Inside Higher Ed

It’s Long Past Time to Rethink College Sports

For many schools, the math of becoming competitive doesn’t add up.

Nigel Hayes
Nigel Hayes looks to pass the ball during a game against Minnesota on Feb. 21, 2015, at the Kohl Center in Madison, Wisconsin.

USA Today Sports/Reuters

This article originally appeared in Inside Higher Ed.

Nigel Hayes, star forward on the University of Wisconsin basketball team, is my favorite collegiate athlete.

Hayes perhaps first stole the affections of me and others during last year’s NCAA Tournament when he and several teammates became fascinated with the stenographers attached to the press pool who produce the “rush” transcripts of all postgame commentary. In a challenge to the stenographers’ skill, Hayes started his response to a question about how he’s improved his play by saying, “Well, before I answer that question, I’d like to say a few words: cattywampus, onomatopoeia, and antidisestablishmentarianism.”

In the midst of the most pressurized part of his season, Hayes was determined to have fun, and show off a better than college-level vocabulary to boot. This past weekend, Hayes was having more fun while seeking to prove a point, walking through an ESPN College GameDay broadcast with a sign meant to draw attention to the disparity between the treatment of scholarship athletes and the increasingly large amounts of revenue the efforts of these athletes generate.

Later, in a series of tweets, Hayes pointed toward the 33 percent increase in revenue realized by the Big Ten for the most recent fiscal year, up to a total of nearly $450 million. The Big Ten sends more than $30 million to its 11 longest-tenured members (the original Big Ten plus Penn State), while newbies Nebraska, Maryland, and Rutgers are on reduced portions.

I salute Hayes’ actions because I believe that colleges and universities should be centered on students, student-athletes among them, and protest, particularly one that so pointedly highlights the significant amounts of money flowing through big time athletics, is most welcome, even when we may disagree with the underlying message of the protest itself.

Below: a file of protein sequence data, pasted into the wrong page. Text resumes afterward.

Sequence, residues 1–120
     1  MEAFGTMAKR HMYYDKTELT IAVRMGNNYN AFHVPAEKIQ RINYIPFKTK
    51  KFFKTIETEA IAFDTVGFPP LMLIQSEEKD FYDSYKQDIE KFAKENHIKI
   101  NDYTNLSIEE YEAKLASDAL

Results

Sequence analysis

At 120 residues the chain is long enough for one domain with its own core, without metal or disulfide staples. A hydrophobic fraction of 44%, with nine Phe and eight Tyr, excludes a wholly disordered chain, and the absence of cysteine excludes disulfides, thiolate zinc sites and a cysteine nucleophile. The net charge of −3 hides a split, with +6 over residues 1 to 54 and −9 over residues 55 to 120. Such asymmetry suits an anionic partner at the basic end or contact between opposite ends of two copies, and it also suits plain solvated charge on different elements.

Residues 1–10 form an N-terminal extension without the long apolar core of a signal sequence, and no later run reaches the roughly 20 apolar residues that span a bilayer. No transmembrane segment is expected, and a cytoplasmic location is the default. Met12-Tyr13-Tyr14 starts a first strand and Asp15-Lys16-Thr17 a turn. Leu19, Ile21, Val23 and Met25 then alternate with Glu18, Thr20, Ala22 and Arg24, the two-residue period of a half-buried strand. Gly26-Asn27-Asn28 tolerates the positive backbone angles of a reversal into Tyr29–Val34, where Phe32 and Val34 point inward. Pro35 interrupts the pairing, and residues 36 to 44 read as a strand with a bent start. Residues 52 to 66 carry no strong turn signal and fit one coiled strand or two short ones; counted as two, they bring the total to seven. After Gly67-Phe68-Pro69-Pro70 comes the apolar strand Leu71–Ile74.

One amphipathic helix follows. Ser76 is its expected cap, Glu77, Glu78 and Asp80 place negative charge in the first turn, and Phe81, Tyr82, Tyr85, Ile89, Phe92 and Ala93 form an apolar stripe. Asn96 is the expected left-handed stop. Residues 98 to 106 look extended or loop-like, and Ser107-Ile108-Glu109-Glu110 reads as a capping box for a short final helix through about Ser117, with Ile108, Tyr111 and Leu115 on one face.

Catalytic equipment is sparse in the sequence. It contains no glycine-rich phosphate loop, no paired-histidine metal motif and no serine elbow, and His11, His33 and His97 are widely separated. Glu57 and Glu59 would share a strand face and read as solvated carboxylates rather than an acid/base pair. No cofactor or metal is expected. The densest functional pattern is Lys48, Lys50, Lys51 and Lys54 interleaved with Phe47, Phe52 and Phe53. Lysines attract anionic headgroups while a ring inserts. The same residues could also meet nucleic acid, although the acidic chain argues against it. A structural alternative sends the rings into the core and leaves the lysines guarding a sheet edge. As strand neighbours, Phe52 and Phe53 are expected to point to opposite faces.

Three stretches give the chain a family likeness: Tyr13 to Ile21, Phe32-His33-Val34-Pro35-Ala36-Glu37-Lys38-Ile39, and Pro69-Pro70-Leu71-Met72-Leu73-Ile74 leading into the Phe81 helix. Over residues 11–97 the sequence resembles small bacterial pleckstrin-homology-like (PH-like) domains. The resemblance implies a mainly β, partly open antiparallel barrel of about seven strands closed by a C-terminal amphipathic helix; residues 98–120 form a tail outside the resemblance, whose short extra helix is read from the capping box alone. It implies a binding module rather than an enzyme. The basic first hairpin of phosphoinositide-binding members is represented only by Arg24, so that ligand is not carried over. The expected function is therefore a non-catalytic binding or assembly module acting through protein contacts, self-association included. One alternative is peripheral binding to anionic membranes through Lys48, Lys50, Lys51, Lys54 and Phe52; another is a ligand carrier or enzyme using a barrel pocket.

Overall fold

The only ways schools can become school-centered is for students themselves to collaborate in all aspects of the institution, and in this case, I also happen to agree with Hayes, so this one is a win-win in my book.

In our age of what appears to be permanent austerity for public institutions, Division I sports, most particularly football, are also becoming a permanent drain on many schools, not only despite these rising revenues, but because of them.

Writing last week, “Dean Dad” Matt Reed described the 78–0 shellacking of Rutgers by Michigan as a “game that shouldn’t have been played.” As rough as that loss was, I actually think Rutgers’ 24–7 loss to my undergraduate alma mater, the University of Illinois could be a greater embarrassment. The Illini’s only previous win came against Murray State.

It has cost more than their competitive dignity for Rutgers to join the Big Ten. Rutgers had been running massive athletics deficits during the quest to join the conference. The fiscal year 2015 subsidy of $23.8 million is a marked improvement over 2013’s $46.9 million. In theory, once Rutgers achieves a full share of Big Ten revenue, it may be breaking even.

Of course, to be even remotely competitive—and remember, it just got whacked by the next worst team—it’ll need to start spending: new stadium, new facilities, etc. Perhaps Rutgers can use UC–Berkeley as a model. In an effort to hang with the University of Oregons of the world, Berkely’s managed to saddle itself with debt service payments in the tens of millions of dollars per year, an amount greater than the entire athletics department budgets of nearly 100 of the institutions that compete in Division I sports.

Because there is so much money associated with the power conferences, the siren song of joining the big time is strong, but increasingly trying to compete at the highest levels of athletics is a losing proposition resulting in a very small group of haves (only 12 out of 231 programs had $0 in subsidies) and a very large group of have nots that not only hemorrhage money but rely on student funds to balance budgets.

Thirty percent of Division I programs are at least 75 percent subsidized and in many cases, much of this subsidy comes from student tuition. Dozens of schools could reduce tuition by 10 percent or more annually if they dropped these athletics subsidies mined from student money.

I am not saying we end collegiate sports, but as Nigel Hayes’ protest demonstrates, something is out of whack. Millions of dollars are coursing through collegiate athletics, and yet, the flow of that money seems to disadvantage more schools and individuals than it advantages.

Nigel Hayes illustrates this imbalance when it comes to student athletes. We should also be talking about what it’s doing to the rest of us.